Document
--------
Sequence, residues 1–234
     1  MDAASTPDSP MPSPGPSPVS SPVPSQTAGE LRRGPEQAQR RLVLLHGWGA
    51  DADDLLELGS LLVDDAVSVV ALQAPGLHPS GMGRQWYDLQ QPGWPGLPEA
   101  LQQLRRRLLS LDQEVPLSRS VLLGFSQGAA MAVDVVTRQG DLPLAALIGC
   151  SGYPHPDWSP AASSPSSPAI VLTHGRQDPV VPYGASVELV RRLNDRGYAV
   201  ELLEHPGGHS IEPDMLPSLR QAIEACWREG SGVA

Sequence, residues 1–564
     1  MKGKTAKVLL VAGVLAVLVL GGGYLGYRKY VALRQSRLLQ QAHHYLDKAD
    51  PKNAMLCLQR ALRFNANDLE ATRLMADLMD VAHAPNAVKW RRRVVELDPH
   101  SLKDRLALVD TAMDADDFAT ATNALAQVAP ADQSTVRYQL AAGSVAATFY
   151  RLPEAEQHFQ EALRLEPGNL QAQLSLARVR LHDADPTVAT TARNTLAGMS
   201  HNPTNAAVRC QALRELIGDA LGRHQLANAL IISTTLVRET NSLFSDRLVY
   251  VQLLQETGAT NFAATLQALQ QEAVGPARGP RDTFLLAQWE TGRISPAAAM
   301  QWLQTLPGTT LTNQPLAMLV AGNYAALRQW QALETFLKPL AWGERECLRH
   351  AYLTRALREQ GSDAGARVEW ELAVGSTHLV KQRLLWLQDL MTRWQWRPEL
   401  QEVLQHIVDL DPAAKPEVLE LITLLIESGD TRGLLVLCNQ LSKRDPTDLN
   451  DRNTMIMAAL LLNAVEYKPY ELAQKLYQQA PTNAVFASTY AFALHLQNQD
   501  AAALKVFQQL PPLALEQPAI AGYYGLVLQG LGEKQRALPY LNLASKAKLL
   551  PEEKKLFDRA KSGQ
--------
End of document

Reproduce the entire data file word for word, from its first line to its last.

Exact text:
Sequence, residues 1–234
     1  MDAASTPDSP MPSPGPSPVS SPVPSQTAGE LRRGPEQAQR RLVLLHGWGA
    51  DADDLLELGS LLVDDAVSVV ALQAPGLHPS GMGRQWYDLQ QPGWPGLPEA
   101  LQQLRRRLLS LDQEVPLSRS VLLGFSQGAA MAVDVVTRQG DLPLAALIGC
   151  SGYPHPDWSP AASSPSSPAI VLTHGRQDPV VPYGASVELV RRLNDRGYAV
   201  ELLEHPGGHS IEPDMLPSLR QAIEACWREG SGVA

Sequence, residues 1–564
     1  MKGKTAKVLL VAGVLAVLVL GGGYLGYRKY VALRQSRLLQ QAHHYLDKAD
    51  PKNAMLCLQR ALRFNANDLE ATRLMADLMD VAHAPNAVKW RRRVVELDPH
   101  SLKDRLALVD TAMDADDFAT ATNALAQVAP ADQSTVRYQL AAGSVAATFY
   151  RLPEAEQHFQ EALRLEPGNL QAQLSLARVR LHDADPTVAT TARNTLAGMS
   201  HNPTNAAVRC QALRELIGDA LGRHQLANAL IISTTLVRET NSLFSDRLVY
   251  VQLLQETGAT NFAATLQALQ QEAVGPARGP RDTFLLAQWE TGRISPAAAM
   301  QWLQTLPGTT LTNQPLAMLV AGNYAALRQW QALETFLKPL AWGERECLRH
   351  AYLTRALREQ GSDAGARVEW ELAVGSTHLV KQRLLWLQDL MTRWQWRPEL
   401  QEVLQHIVDL DPAAKPEVLE LITLLIESGD TRGLLVLCNQ LSKRDPTDLN
   451  DRNTMIMAAL LLNAVEYKPY ELAQKLYQQA PTNAVFASTY AFALHLQNQD
   501  AAALKVFQQL PPLALEQPAI AGYYGLVLQG LGEKQRALPY LNLASKAKLL
   551  PEEKKLFDRA KSGQ